I recently had someone ask me, “As a college recruiting specialist, what keeps you up at night?” My simple answer—a current culture too lazy to hold the next generation’s hand. It’s as if the invention of hand sanitizer has given older generations just cause to wash their hands of mentoring new talent for fear the Millennial contact will somehow taint their progress.
It’s a professional West Side Story where the independent Latch Key Generation X Kids thumb their noses at the codependent, Entitlement Generation Y Kids. But why can’t we just do a flash mob and play nice in our professional sandboxes?
In my opinion, organizations are stuck in a parent trap. You know that cliché place where we become our parents and can’t understand why the younger generation doesn’t do things the way we did them when we entered the workforce. Truth be told, despite the bad rap Millennials get for being high-maintenance attention sponges, their demands for on-going feedback, structure and continuous challenges aren’t that far-fetched. As a matter of fact, it’s nothing different than any other generation has sought from their careers. Millennials have just been bold enough to hold their managers and employers accountable for their responsibilities as good talent managers. Something we ALL should be entitled to.
You see, organizations need to recognize the new talent common denominators. Whether they’re interns or fresh hires, these individuals are new to the professional realm and need guidance. They’ve recently made the leap from School Street to Career Highway and aren’t used to traveling without a navigation system.
This is why mentoring is such a critical resource for their success.
There’s no prior experience for them to use as a litmus test. So make sure your interns and new hires have a point of contact to act as their GPS for all of the cultural, political and professional nuances that will cross their roads not traveled.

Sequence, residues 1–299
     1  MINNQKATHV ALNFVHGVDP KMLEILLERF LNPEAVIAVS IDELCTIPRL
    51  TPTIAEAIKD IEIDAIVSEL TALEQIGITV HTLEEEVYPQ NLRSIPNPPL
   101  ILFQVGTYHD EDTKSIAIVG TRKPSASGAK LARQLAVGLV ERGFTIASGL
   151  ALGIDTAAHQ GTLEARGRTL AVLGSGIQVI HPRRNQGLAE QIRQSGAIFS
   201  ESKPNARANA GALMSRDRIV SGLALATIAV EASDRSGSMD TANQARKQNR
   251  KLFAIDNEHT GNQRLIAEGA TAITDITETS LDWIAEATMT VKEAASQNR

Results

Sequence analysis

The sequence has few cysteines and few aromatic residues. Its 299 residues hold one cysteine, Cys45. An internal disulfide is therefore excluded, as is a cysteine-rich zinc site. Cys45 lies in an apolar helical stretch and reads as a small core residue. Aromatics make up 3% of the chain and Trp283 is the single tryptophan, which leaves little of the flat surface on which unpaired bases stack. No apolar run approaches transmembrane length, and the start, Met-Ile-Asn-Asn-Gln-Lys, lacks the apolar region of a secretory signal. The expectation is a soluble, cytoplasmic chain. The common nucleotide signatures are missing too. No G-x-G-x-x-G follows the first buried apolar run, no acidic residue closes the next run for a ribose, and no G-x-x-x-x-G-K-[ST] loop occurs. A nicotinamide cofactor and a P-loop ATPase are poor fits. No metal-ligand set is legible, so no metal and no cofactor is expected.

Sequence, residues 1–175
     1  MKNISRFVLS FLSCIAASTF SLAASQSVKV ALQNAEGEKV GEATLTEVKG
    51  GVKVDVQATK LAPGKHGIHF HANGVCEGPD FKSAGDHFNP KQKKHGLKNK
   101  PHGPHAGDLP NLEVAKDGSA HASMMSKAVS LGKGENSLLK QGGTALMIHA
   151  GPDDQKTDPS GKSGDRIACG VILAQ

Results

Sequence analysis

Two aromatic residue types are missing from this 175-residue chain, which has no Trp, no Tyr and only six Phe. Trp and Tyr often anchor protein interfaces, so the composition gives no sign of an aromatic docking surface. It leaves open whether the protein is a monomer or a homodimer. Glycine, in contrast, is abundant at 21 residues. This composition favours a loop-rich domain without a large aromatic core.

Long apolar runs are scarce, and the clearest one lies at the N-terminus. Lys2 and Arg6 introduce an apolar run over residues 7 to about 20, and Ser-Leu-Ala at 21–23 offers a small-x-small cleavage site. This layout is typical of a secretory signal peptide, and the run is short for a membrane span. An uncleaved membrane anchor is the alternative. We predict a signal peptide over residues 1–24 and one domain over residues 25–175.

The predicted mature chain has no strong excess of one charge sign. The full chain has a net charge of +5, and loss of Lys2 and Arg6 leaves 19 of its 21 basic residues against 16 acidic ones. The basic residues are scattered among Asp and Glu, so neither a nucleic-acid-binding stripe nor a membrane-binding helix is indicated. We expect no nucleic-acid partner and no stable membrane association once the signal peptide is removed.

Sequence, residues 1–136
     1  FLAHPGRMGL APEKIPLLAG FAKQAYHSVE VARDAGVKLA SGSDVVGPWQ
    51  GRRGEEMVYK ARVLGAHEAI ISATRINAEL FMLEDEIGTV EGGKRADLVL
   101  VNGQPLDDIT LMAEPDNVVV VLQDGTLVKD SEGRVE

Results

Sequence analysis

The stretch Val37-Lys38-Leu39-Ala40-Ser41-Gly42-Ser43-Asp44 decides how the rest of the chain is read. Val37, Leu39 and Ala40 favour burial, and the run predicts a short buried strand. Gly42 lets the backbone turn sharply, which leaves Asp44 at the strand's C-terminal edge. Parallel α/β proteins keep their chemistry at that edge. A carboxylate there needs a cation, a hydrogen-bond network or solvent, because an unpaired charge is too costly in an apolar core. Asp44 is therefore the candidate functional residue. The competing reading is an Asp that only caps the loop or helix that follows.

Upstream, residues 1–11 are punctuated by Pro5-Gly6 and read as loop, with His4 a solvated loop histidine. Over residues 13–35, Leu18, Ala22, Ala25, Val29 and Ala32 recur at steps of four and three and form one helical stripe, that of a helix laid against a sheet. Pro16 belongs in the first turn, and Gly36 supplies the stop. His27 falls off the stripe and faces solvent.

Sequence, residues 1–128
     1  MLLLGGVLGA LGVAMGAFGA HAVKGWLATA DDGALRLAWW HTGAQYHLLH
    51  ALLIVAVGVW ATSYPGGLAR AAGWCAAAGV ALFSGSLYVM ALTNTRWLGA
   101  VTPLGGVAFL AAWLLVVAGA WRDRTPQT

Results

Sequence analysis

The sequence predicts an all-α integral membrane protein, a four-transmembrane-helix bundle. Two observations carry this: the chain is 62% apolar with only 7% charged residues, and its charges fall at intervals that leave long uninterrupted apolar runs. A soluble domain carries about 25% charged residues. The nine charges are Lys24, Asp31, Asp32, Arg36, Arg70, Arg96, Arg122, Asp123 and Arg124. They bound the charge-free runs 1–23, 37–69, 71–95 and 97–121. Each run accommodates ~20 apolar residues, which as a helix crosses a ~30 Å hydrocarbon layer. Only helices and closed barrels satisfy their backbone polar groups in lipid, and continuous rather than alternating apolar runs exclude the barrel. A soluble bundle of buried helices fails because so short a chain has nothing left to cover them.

For example, my company recently hosted a speed networking event as part of its professional development training series. It was offered to all employee levels with a basic invitation asking everyone to attend. Attendance was good; however, everyone was surprised that very few interns or new hires had made an appearance.
Turns out, many of the interns and new hires didn’t know what speed networking was, what to expect from the experience, or what questions to ask. So instead of making themselves look more inexperienced than they already appeared, they missed a development opportunity.
Without proper guidance and mentoring, who knows how many more development opportunities are lost like candles in the wind? Failure follows the man who walks the path of assumptions. However, if you have some form of mentoring in place, the relationships and culture will start with everyone on the same page and create a better chapter in all of our professional lives. Who knows, you may find yourself re-writing a few of your own chapters based on your experience with these X factors. Until this happens, however, I’ll continue to keep the Ambien reps employed with dreams of cross-generational hand shakes and communal bottles of hand sanitizers dancing in my head.